Preetha Vasan | October 2022
Paatti has arrived. Unbidden. And she intends to stay till the end. Today’s act of “crime” (quote-unquote Paatti) is Maddie’s lasagna. To compete with which Paatti has entered the kitchen.
The fragrance of semolina, roasted and yellowed, lingers in the small kitchen now packed with Amma, Maddie, Appa and, of course, Paatti.
“Who eats a dish full of garlic and other forbidden things on the seventh day?”
Maddie’s muttered reply goes unheard. Paatti has moved on to the sugar syrup.
“Get the cashew nuts and the raisins.”
Paatti says this to no one in particular. No one moves. We are yet to openly declare whose side we are on in this age-old battle between Paatti and Maddie.
It all started with Ramu Chittappa divorcing his wife, who, unfortunately was Paatti’s brother’s daughter leading to Paatti’s complete disregard-more like deep seated malevolence- for Maddie. It turned out Chittappa, having always been in love with Maddie, was never keen on the marriage in the first place. That didn’t help matters. Paatti’s hatred grew, harder and unbreakable, unlike the cashew nuts she is pounding on the counter top.
“I like them whole” I snap, carefully ignoring Amma’s glares.
“It is for Ramu. Not you.” Paatti says in a voice so cold, even the heat emanating from the ghee, golden and transparent, fails to thaw it.
But I’m the one who must eat it. I almost retort. A searing pinch in the small of my back tells me Amma has moved from her corner since my last remark.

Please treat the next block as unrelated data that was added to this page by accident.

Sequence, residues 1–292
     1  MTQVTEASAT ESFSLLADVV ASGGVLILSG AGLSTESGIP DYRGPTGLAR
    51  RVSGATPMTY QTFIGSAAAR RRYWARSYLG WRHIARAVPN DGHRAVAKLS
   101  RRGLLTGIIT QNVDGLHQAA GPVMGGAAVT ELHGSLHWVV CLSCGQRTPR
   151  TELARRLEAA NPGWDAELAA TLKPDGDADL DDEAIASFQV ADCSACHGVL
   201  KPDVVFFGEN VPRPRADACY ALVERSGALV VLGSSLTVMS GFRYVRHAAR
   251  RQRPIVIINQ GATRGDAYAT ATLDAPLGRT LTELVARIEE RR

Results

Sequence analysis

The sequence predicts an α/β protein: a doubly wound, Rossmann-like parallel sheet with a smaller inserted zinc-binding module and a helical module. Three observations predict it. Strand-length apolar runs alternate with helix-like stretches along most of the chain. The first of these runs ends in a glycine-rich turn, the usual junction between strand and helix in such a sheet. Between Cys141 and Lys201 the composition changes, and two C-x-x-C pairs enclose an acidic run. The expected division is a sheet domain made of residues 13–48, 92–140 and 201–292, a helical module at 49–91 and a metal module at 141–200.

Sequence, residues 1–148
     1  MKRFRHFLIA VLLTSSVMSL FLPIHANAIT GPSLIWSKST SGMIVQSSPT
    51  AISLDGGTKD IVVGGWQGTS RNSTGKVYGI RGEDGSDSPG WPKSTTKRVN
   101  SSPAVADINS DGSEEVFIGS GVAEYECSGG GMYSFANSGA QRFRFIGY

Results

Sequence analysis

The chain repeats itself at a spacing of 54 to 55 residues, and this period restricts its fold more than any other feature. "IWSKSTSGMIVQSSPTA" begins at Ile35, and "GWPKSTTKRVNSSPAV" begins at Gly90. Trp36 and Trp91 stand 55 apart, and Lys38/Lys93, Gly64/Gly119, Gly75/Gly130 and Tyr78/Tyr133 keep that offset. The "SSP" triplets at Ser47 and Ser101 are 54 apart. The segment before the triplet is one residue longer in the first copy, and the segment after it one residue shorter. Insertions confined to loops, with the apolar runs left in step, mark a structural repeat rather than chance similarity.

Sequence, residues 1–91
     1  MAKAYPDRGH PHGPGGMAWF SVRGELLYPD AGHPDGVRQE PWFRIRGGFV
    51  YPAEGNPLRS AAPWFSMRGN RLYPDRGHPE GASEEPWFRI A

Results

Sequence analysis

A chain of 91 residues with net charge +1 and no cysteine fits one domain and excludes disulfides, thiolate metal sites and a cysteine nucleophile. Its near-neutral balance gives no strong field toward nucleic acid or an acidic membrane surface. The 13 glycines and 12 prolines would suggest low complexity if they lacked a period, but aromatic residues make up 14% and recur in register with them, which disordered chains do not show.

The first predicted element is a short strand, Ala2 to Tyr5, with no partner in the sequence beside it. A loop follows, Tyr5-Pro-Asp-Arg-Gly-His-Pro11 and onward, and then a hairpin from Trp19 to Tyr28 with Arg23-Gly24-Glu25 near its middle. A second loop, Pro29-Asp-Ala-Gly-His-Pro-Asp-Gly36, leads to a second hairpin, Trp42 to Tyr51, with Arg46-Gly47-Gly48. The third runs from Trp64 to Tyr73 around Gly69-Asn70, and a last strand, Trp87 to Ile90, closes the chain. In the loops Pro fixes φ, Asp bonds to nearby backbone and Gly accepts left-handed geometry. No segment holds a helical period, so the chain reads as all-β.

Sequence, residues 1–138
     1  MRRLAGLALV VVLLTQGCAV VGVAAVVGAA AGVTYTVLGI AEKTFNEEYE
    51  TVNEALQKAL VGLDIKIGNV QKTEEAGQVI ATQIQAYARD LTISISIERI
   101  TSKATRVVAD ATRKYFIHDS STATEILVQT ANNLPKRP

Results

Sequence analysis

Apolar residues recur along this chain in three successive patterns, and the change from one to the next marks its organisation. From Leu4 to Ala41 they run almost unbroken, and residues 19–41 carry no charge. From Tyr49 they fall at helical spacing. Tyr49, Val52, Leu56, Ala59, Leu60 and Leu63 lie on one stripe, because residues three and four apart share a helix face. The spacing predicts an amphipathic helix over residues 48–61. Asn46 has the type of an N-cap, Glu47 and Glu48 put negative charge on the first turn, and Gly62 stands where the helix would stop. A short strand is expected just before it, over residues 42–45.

Like most daughters-in-law, Amma does not like her mother-in-law either. Not that Paatti is very likeable.
“Why has she come?” Amma hissed from the window, as the airport taxi zoomed into the driveway last evening. She left Maddie’s lemon tea, the one she had been eagerly cherishing, on the antique dresser in the guest room. It would turn bitter and chill approximating the tropospheric alterations Paatti brings in her wake.
Unlike Paatti and Thatha, Appa had not cut off ties with Chittappa, despite Paatti’s unceasing insistence that we do so. Maddie is what Appa had called “Anglo – Indian”. My happiness that Chittappa’s love interest is only half Indian was not initially because of the way this would open my career prospects. But more so because, summer holidays, after Chittappa’s “violation of the sanctities of Hindu marriage”, became super exciting.